REFERENCES Ameijde, J.D.J. V., Nelson, P.C., Billsberry, J. & Meurs, N.V. (2009). Improving leadership in higher education institutions: A distributed perspective. Higher Education, 58, 763-779. Buller, J. L. (2013). Positive academic leadership: How to stop putting out fires and start making a difference. San Francisco: Jossey-Bass. Buller, J. L. (2015). Practical ways of increasing and sustaining morale. In R. J. Sternberg, E. Davis, A. C. Mason, R. V. Smith, J. S. Vitter & M. Wheatly. Academic leadership in higher education: From the top down to the bottom up (pp.265-269). Lanham: Rowman & Littlefield. Bush, T. & Middlewood, D. (2005). Leading and managing people in education. London: Sage. Katzenbach, J.R. & Smith, D.K. (2003). The wisdom of teams: Creating the high performance organization. New York: HarperCollins. Marshall, C. & Rossman, G.B. (2006). Designing qualitative research (4th Ed.). London: Sage. Sharrock, G. (2012). Four management agendas for Australian universities. Journal of Higher Education Policy and Management. 34(3), 323-337. Sternberg, R.J. (2015). Distilling advice about academic leadership. In R. J. Sternberg, E. Davis, A. C. Mason, R. V. Smith, J. S. Vitter & M. Wheatly. Academic leadership in higher education: From the top down to the bottom up (pp.265-269). Lanham: Rowman & Littlefield. Yıldırım, A. & Şimşek, H. (2011). Sosyal bilimlerde nitel araştırma yöntemleri. Ankara: Seçkin. Yılmaz, L. & Altınkurt, Y. (2011). Öğretmen adaylarının Türk eğitim sisteminin sorunlarına ilişkin görüşleri. Uluslararası İnsan Bilimleri Dergisi, 8(1), 943-973. Warwick, J. (1990). Planning human resource development through equal opportunities (gender). London: Further Education Unit.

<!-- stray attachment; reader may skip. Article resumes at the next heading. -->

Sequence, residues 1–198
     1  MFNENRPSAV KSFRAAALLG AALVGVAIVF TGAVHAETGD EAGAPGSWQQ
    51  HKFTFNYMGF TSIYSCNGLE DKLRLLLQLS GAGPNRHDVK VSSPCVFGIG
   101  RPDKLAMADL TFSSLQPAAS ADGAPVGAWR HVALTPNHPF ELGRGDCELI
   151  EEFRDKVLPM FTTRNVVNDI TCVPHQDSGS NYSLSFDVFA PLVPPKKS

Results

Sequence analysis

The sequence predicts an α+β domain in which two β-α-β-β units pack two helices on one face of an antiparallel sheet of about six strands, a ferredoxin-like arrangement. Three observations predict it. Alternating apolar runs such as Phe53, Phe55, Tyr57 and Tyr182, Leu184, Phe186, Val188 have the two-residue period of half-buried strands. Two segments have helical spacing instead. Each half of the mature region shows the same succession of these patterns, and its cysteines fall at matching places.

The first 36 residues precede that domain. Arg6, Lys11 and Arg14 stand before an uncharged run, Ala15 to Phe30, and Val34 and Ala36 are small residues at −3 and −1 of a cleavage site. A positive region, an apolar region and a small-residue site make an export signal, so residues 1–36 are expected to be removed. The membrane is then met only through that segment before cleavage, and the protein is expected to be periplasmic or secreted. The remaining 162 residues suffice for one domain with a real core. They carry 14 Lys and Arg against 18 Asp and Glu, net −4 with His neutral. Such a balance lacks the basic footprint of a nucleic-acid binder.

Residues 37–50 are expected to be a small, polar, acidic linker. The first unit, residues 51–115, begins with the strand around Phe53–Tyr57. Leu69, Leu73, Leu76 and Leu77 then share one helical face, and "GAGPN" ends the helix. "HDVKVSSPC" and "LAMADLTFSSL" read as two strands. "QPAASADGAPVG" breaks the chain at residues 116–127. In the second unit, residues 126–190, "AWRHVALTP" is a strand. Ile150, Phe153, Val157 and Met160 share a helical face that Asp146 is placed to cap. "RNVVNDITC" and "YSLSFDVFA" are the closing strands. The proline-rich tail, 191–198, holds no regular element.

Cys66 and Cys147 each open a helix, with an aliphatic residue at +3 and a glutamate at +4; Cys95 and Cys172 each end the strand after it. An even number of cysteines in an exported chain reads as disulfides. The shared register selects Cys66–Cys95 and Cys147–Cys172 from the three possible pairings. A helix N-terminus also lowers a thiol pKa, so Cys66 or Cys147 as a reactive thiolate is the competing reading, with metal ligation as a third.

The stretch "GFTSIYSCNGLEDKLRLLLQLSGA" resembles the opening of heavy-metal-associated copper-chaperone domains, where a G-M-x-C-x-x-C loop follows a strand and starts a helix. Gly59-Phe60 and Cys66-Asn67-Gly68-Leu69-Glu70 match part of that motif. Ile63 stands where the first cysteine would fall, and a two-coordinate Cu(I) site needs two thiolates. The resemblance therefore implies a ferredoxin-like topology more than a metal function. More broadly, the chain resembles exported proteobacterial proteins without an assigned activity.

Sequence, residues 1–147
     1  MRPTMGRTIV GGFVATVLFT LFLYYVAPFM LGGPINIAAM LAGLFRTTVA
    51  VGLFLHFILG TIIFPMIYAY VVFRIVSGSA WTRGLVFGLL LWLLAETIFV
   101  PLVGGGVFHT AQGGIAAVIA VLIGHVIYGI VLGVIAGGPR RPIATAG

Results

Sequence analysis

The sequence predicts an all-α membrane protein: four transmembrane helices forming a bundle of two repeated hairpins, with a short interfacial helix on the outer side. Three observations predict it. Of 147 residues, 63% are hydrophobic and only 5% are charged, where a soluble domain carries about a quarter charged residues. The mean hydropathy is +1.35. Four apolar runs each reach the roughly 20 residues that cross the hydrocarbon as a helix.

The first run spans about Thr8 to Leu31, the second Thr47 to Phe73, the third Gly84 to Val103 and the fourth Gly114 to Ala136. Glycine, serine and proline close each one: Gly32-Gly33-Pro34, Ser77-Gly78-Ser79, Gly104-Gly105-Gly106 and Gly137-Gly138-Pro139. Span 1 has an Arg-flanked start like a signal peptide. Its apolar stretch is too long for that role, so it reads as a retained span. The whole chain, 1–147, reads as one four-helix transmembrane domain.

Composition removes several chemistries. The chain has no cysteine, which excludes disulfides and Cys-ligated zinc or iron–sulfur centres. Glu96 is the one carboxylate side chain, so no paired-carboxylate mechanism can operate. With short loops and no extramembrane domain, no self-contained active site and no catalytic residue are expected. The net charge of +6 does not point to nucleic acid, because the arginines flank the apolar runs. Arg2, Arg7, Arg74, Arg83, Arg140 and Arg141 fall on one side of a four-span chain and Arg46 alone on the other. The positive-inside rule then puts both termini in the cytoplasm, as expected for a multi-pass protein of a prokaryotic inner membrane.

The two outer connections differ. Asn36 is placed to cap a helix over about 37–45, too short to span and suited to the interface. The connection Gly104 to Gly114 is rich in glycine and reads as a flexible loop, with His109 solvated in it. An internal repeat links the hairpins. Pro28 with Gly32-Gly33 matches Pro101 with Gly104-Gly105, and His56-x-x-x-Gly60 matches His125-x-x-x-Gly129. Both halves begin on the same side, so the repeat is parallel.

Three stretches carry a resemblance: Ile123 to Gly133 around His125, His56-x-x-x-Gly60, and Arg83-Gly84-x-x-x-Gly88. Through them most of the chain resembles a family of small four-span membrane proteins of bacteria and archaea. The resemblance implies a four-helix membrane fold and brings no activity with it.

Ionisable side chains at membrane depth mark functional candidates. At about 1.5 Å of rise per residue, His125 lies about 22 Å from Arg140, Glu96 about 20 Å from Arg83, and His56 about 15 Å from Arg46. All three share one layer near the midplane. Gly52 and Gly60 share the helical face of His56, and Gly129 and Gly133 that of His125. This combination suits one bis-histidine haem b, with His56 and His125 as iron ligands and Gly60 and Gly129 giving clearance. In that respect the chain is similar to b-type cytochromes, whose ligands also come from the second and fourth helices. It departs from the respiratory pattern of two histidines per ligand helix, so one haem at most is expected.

00. Central Events (Keynotes, EERA-Panel, EERJ Round Table, Invited Sessions)